For a small Caribbean island with a population of just over three million people, Puerto Rico’s contribution to music and pop culture is gargantuan. Whether on the island or scattered across the diaspora, Boricua musical traditions have propelled genres like salsa and reggaeton into global ubiquity. But massive renown can also lead to broad typecasting. Back in May, indie pop darlings Buscabulla spoke with Bandcamp about their new album Regresa, where they voiced frustration over the constant questioning of their unique musical signature versus a desire to hop on the hit-making bandwagon of reggaeton. “It feels like because we choose not to make the kind of music that is mainstream in Latin America, we get shoved into a category of indie music that not many people listen to or can access,” noted Buscabulla co-founder Raquel Berrios. As with any scene, dig beyond Puerto Rico’s glossy Top-40 trends and you’re bound to uncover an entirely different creative ecosystem thriving in the underground.
Hip-hop, folk, and electronic music have flourished across Puerto Rico, but surprisingly overlooked is the island’s riveting rock scene. Before the fallout from the COVID-19 crisis, popular venues like San Juan’s El Local, Club 77, and La Respuesta, as well as Mayagüez fixtures La Tertulia En Mi Tierra and Off The Wall, were showcasing rising talents in rock ‘n’ roll, punk, and garage at packed weekly functions. Buzzy recording studio Casa Fantasmes and public arts festivals like Santurce es Ley have also become patron saints of a small but vibrant local scene where cooperation is key to survival. However, Puerto Ricos’s rock pedigree is much older and layered than it may initially seem.
As a territory of the United States, cultural dialogues between the island and the mainland have been a constant over the course of the past century. Following the boom of rock ‘n’ roll in the late 1950’s and early ’60s, savvy radio and television personality Alfred D. Herger—often regarded as the Ed Sullivan of Puerto Rico—began developing a local music market by flying out the U.S. acts who were captivating younger audiences. The resounding success of Herger’s machinations led into La Nueva Ola—the emergence of a new crop of artists channeling the charm of Elvis Presley and the harmonies of Motown, while still sourcing Puerto Rico’s extensive rhythmic pantheon. This first wave included crooners Chucho Avellanet, Lucesita Benitez, and Charlie Robles, and steadily evolved in the direction of grittier rock ‘n’ roll with The Night Walkers and the birth of Alfa Rock, the first radio station to broadcast these fresh island-made sounds.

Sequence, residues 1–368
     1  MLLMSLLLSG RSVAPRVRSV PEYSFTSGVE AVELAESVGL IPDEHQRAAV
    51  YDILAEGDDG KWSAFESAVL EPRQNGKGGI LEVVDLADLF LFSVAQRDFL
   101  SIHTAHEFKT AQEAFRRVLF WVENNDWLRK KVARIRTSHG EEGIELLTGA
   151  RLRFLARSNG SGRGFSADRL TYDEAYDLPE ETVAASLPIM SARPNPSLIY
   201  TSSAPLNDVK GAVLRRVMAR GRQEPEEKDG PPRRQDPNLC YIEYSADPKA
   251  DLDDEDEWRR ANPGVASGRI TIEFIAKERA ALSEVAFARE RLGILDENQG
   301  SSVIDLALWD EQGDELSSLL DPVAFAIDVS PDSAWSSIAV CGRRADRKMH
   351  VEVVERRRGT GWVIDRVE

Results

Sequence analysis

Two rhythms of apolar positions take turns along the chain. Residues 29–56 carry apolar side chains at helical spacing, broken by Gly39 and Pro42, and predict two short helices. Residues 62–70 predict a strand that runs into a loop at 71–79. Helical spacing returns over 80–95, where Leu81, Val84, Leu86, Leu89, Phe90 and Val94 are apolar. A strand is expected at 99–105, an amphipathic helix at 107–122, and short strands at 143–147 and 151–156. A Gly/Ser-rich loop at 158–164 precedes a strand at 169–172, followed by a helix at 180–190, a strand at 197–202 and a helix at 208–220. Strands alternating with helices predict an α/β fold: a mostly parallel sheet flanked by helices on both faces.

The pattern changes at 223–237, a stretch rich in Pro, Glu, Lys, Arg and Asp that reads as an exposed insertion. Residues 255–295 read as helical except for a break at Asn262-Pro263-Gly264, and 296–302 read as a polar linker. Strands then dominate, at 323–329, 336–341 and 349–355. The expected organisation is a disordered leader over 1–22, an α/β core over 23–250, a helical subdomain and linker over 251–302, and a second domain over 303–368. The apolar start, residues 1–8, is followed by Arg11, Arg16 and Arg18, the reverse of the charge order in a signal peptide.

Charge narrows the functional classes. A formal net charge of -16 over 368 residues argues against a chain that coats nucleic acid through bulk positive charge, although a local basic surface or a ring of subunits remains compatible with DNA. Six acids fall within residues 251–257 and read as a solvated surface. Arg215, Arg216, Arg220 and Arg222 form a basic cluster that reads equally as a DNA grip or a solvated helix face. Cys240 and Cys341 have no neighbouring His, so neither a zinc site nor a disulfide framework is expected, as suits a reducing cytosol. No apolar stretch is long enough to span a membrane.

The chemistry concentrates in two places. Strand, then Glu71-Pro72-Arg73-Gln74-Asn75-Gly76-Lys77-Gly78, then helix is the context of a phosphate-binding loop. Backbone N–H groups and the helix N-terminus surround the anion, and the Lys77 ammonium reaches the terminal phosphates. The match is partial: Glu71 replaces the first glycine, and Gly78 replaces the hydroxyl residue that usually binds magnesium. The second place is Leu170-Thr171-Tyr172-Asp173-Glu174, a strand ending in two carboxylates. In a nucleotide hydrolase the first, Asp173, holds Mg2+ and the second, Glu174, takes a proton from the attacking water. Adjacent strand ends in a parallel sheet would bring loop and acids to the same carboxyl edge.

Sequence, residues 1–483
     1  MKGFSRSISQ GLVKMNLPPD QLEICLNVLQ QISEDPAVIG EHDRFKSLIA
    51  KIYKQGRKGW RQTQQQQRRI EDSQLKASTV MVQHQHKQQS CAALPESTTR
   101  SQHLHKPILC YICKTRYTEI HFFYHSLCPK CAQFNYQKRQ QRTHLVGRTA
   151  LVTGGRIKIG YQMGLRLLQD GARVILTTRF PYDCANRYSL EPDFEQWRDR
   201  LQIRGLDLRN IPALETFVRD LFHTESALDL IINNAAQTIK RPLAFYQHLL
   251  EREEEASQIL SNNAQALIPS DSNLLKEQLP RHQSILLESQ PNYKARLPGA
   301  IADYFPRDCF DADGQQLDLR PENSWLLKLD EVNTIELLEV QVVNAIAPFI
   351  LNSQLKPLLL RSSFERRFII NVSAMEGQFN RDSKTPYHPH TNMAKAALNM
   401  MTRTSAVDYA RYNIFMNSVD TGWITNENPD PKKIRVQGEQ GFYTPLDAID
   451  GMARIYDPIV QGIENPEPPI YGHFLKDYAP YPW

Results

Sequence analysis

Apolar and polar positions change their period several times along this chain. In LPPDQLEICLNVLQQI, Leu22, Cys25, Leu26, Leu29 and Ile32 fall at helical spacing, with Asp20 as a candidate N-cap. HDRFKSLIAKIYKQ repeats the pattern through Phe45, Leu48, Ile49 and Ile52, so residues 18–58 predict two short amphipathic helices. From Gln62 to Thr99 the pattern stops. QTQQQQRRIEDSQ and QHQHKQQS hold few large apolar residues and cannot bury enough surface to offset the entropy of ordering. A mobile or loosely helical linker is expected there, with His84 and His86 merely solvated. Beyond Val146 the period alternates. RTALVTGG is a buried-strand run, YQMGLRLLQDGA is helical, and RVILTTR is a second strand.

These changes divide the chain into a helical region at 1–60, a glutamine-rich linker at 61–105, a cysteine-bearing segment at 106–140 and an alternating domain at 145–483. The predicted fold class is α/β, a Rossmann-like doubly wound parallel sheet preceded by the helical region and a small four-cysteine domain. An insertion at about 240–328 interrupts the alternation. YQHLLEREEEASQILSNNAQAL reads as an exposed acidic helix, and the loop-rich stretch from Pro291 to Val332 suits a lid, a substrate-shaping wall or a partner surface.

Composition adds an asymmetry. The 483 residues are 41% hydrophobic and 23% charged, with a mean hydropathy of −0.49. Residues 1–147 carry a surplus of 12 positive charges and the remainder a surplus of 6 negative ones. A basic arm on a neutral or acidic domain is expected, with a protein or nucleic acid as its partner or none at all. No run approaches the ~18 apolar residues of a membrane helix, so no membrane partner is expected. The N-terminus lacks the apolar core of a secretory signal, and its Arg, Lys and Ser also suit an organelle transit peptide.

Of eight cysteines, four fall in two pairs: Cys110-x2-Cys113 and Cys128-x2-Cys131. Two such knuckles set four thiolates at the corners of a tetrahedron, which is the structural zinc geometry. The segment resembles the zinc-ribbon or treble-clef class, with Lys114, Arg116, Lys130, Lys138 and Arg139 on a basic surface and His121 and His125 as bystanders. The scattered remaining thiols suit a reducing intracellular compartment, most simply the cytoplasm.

The next significant chapter in Puerto Rican rock came in the ‘90s on the cusp of the rock en español explosion that bounced from Spain to Argentina and later Mexico, eventually sweeping through the Americas like wildfire. Some of the first local acts to break into this surge included Puya and Draco Rosa; the latter formerly known for his time with superstar boy band Menudo before becoming one of the island’s most beloved rock storytellers. In 1990, radio host John Rodriguez (aka MetalKid) kickstarted a new, rock-focused show at the immensely popular station La Mega 106 FM where he spotlighted the bubbling scene. Later, he founded his own label Brutal Noise which was among the first to sign Boricua metal bands like Crypta and Deathkross.